Pilot trial brings together older adults and preschoolers, inspired by television show
The Sector > Research > Understanding Children > Pilot trial brings together older adults and preschoolers, inspired by television show

Pilot trial brings together older adults and preschoolers, inspired by television show

by Freya Lucas

April 21, 2021

Psychologists and geriatricians from UNSW, University of Sydney and Griffith University will spend 10 weeks within the school term at St Nics’ Christian Preschool in Coogee as part of an Australian first pilot trial bringing together older adults and preschoolers to assess the mutual health benefits of intergenerational activity, such as reducing frailty and depression.


The study has been inspired by the  award-winning ABC series, Old People’s Home for 4 Year Olds, and will see older adults and young children engage in a structured series of investigative, artistic and educational activities together.


Evidence suggests these planned intergenerational activities might reduce frailty and improve mood and thinking skills in the older adults, and also improve empathy and language development and reduce age stereotypes in the younger participants.


“Early research indicates these programs could lead to better physical health and cognition among adults over the age of 65, and better interpersonal skills among children under the age of 5,” program lead Associate Professor Ruth Peters said.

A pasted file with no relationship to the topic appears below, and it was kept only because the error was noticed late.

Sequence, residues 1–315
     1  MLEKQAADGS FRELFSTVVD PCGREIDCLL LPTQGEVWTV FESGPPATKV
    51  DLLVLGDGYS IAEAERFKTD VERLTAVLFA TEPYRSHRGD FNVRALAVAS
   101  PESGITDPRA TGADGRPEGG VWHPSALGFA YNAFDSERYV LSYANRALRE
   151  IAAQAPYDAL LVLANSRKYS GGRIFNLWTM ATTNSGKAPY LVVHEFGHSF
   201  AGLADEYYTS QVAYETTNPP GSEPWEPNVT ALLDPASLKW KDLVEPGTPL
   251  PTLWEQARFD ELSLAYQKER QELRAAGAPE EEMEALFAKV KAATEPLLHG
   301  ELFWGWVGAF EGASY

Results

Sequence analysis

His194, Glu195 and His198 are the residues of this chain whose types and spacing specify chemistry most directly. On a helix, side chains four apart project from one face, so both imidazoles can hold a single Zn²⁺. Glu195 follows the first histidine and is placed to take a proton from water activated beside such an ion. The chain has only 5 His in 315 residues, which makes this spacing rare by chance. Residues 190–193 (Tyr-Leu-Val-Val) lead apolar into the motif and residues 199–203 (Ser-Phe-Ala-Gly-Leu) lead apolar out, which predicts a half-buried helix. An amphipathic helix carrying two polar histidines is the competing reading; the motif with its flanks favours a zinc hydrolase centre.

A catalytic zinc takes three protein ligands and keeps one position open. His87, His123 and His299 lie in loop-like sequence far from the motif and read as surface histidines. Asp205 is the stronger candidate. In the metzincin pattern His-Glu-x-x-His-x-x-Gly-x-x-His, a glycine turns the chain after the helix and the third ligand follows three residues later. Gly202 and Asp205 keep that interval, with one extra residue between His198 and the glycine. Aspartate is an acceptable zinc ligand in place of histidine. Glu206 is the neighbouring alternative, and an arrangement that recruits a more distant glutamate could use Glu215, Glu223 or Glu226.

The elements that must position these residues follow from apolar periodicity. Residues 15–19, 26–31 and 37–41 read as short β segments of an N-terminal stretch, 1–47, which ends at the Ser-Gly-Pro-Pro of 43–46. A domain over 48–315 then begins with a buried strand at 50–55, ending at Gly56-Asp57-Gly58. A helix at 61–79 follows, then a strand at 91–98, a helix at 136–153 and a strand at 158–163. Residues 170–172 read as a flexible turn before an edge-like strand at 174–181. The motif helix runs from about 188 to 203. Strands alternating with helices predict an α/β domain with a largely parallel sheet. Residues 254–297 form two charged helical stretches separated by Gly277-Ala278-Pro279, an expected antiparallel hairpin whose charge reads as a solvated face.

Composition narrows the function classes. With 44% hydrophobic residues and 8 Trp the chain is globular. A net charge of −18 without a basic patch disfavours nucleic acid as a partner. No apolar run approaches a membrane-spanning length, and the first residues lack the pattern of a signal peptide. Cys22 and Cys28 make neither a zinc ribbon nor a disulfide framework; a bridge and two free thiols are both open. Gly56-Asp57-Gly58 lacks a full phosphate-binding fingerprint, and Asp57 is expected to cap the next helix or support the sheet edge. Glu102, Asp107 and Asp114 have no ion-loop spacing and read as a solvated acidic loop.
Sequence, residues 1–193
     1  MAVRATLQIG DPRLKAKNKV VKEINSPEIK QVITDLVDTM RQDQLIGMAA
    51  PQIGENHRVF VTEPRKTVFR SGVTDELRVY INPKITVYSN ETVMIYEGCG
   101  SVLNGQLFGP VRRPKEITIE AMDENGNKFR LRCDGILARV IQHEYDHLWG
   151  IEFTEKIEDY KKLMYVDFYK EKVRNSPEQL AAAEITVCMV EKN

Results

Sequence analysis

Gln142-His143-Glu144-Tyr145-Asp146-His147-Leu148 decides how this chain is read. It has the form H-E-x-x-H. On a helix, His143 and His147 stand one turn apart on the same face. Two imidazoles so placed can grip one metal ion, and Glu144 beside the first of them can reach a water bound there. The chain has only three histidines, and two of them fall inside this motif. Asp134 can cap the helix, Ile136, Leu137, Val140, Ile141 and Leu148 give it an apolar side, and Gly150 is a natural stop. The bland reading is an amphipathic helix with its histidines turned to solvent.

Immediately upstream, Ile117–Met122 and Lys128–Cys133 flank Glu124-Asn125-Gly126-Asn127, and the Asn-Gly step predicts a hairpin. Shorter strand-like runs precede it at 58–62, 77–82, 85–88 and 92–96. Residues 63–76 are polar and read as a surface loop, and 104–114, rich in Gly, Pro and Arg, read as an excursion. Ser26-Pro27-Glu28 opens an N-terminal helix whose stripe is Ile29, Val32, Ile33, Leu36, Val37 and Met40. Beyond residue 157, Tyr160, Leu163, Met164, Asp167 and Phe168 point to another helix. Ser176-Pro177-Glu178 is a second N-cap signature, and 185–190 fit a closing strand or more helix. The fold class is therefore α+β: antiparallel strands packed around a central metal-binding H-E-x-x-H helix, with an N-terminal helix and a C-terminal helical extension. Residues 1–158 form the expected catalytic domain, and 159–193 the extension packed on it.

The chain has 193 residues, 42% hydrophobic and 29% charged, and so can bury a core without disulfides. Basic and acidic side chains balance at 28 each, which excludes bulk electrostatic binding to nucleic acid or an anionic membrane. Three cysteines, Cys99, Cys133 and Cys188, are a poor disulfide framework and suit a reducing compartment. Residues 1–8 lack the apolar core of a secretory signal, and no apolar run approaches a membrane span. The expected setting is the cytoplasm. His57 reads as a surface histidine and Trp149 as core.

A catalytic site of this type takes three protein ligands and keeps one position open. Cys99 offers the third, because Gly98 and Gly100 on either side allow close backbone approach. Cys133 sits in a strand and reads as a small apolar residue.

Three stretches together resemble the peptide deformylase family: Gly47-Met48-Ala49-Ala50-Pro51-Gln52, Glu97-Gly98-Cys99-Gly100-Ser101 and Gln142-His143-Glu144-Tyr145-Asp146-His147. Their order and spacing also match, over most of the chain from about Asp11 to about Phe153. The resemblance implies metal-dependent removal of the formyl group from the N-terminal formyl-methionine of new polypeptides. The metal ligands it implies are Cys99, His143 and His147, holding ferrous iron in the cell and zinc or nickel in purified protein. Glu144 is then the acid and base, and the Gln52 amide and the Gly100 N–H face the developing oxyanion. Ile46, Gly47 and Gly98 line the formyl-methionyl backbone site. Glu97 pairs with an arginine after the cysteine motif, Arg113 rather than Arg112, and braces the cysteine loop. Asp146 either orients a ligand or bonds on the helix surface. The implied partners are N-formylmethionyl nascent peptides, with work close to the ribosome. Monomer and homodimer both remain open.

Support for the program was gathered from the community prior to the pilot being initiated, with 258 parents, teachers and older adults responding to a survey, in which more than 92 per cent of respondents indicated that the program has the potential to increase understanding and friendships across generations, provide unique learning opportunities and improve communication skills in children, while also reducing loneliness and isolation in older adults.


“Children and older adults can be the perfect companions and build lovely partnerships where they both really care for each other,” the Associate Professor said. 


Should the pilot be successful, a larger follow-on trial will test whether the Intergenerational Integration Initiative could be rolled out to wider communities and eventually throughout New South Wales, and around the country. 


The study has been funded by the UNSW Ageing Futures Institute, with in-kind support from St Nicolas’ Church and Preschool and Anglicare.


Results from the pilot trial are likely to be available in July 2021. For more information on the study, please visit neura.edu.au/intergenerational-integration-initiative/

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